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How “Safe” is Safe?
Clarifying Criteria for 'Family-Friendliness'
Nicole S. Porter -- August 13, 2003
A great deal of confusion exists for me as an award seeker. I know, based on feedback from other award seekers, that I am not alone in my confusion.  It stems from reading the criteria for many programs, and wondering if my site happens to meet it. The point of contention happens to center around the phrase "family-friendly". By common definition, a family consists of a mother, father, and children, which we can safely assume that family-friendly means... a site is viewable by children.  

Nicole S. Porter

Now, here is where the confusion begins.

Rephrasing the “No” List

Almost every Web award program contains a phrase or two (or twenty) that begin with or contain “no” or “will not be accepted.” This list is used to weed out the sites that the awarding Web master feels are not something that he or she would like to award. While useful, oftentimes this “family-friendly” list causes confusion for an applicant, and leaves them with unanswered questions.

Let's break down the three most common “family-friendly” qualification points that leave room for confusion:

“No profanity (foul language, vulgar speech, etc.).”

For most, this point might seem fairly clear-cut. For me, it's not. I operate a personal creative writing Web site. On this site, in some of my stories and my prose pieces, there is mild cursing. And I do mean mild. They are not words you'd blush to use in front of your mother-in-law; they are words that make my characters more believable. After all, a robber isn't going to use the word “darn” during a holdup.

Personally, I do not consider the use of mild cursing to be “profanity” nor “foul language.” There are those who disagree with me, and have sent replies to my application stating this. Then there are those who do agree with me, and seem somewhat amused when I e-mail and ask for clarification. In both cases, I was left wondering, “Why didn't you just clarify that in your criteria?”

An easy way to prevent confusion would be to state, “If a swear word begins with B, A, S, F, or M, then it's not acceptable, and we consider it to be profanity.”

“No violence or abuse”

Again, this seems pretty straightforward, right? Wrong.

On my Web site, I have a story called “Mary, Mary” which is a partially fictionalized tale of my encounter with a battered woman and her husband. It's a sad tale, and one that has inspired many, many people around the world. Violence is, of course, implied. But, is this considered “violence” under criteria for family-friendliness? I don't believe so, but again, I have received feedback which indicates otherwise. As well, when someone has “No violence against women or children” as part of their qualifications, I'm also left to wonder.

To prevent confusion on this particular point, I suggest using this phrasing instead: “No violence towards people or animals is acceptable, unless written about or depicted in a fashion to teach others about abuse.”

 “No promotion of alcohol or tobacco”

This one is a toughie! Now, we have obvious cases of “promotion” of alcohol and tobacco products and usage, such as a cartoon camel smoking a cigarette being used in an ad campaign. Cartoons appeal to kids, and unless it's satirical, it's awfully hard to view a smoking cartoon as something other than encouraging kids to smoke.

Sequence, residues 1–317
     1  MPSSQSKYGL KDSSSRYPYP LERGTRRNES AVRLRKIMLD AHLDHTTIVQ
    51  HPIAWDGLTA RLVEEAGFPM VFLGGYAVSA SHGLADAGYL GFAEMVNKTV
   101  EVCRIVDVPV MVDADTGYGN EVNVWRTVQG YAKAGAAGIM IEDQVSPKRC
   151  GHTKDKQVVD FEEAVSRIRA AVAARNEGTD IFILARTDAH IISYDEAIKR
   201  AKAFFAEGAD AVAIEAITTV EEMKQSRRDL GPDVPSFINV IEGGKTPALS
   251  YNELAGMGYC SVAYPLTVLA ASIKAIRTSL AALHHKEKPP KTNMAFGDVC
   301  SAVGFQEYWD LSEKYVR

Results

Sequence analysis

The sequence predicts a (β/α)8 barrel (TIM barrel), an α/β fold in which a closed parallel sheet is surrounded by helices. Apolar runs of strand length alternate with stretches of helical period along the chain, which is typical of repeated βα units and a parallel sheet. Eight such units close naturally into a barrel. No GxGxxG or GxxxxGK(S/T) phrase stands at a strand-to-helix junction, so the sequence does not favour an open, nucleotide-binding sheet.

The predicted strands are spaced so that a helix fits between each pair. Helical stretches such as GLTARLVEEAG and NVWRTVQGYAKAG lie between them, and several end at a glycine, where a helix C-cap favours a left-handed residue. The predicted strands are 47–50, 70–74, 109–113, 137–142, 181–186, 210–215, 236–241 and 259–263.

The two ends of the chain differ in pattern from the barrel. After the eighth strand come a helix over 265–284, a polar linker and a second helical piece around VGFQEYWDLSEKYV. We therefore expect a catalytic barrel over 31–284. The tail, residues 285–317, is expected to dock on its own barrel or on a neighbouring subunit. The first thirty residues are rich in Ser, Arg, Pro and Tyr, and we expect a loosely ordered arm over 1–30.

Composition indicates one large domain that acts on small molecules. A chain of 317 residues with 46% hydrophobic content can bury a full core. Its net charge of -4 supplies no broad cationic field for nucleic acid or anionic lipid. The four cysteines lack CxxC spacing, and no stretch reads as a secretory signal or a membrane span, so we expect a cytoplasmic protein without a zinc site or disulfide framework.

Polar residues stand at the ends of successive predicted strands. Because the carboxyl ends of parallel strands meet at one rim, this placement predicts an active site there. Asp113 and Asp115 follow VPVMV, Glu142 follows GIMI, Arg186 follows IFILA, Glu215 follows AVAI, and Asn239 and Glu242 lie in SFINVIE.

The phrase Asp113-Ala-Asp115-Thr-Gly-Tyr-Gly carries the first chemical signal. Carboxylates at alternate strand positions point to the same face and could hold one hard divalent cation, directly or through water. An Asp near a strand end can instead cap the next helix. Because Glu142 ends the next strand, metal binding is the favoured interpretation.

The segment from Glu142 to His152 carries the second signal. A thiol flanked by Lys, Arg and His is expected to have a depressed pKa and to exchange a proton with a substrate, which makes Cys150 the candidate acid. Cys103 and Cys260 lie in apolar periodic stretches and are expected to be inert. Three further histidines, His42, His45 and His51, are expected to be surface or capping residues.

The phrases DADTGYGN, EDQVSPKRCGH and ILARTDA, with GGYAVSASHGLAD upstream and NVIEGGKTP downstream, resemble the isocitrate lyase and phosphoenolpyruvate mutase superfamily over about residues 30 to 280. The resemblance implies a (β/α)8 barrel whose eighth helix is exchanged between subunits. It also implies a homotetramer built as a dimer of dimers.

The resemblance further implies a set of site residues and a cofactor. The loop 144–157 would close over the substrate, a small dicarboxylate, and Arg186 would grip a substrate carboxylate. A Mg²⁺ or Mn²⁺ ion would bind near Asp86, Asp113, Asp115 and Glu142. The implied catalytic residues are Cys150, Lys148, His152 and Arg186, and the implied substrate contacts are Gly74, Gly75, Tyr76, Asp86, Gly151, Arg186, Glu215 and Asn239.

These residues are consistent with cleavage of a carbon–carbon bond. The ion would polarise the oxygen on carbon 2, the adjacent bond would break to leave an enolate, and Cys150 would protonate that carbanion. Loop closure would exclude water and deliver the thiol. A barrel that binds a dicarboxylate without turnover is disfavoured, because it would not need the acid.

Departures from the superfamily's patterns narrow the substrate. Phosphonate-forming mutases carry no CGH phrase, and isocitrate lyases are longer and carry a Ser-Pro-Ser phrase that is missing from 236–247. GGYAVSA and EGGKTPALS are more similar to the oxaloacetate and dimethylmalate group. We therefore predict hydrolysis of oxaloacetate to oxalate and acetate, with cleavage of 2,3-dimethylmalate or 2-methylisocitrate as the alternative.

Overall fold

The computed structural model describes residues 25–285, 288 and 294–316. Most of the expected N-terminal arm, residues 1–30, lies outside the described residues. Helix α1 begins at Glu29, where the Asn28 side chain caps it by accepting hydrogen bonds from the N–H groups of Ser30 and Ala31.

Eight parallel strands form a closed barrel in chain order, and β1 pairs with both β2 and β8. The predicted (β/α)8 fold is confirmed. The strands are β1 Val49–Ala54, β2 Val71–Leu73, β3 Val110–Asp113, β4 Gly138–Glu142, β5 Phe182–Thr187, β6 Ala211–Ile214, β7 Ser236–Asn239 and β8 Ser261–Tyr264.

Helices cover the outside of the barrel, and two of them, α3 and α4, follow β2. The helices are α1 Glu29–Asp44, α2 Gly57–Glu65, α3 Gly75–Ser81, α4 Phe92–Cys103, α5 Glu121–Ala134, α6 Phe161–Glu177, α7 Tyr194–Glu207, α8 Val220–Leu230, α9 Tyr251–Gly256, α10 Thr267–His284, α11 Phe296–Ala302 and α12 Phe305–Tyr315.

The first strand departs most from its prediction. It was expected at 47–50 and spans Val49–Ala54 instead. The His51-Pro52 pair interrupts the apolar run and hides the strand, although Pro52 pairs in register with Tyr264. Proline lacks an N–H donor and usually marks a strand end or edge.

But what about fictional characters who smoke? Not cartoon characters or characters geared towards kids - adult characters in fiction read by those on a certain reading level. Smoking is legal. It's a fairly common habit, so having a smoking character is hardly sensational. Is it promoting tobacco? No, of course not. Much like the use of mild curse words, smoking lends characters reality. I have never smoked a cigarette, nor will I ever make the choice to do so, so the argument that I'm “promoting” the habit holds no water. And while some of my characters do enjoy the occasional wine cooler, again, I am not promoting the use of alcohol. I am painting a canvas of reality. A legal, common reality.

If your program contains a point on tobacco and/or alcohol promotion, a good way to clarify it would be the use of this phrase (or something similar): “The promotion of tobacco and/or alcohol use through cartoons or pictures is prohibited. We do not consider descriptions of smoking and/or alcohol use in the context of fiction to be promotion.”

Why Not Just Ask?

Indeed, why shouldn't I just e-mail each program owner and ask, “My site contains (insert topic), for (insert reason), so does it qualify under your criteria?” The better question here is, why should I ever have to?

As program owners, we have a responsibility to help our potential applicants understand as much about our criteria and our qualification/disqualification points as possible. It's up to us to clarify what we'll accept and what we won't. Granted, you'll probably never cover every eventuality, but why not try to cover as many as possible? Why not prevent those criteria and qualification questions by creating comprehensive answers ahead of time? Believe me, your potential applicants will thank you for it!

Nicole S. Porter
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About the Author
Nicole is from sunny Southern California and is a writer from Southern California. She lives
with her fianc�, Jeff, a massive Lord of the Rings collection, and three fake plants.
 She also owned the retired AS! 5.0 rated Chrysallis Award Program.

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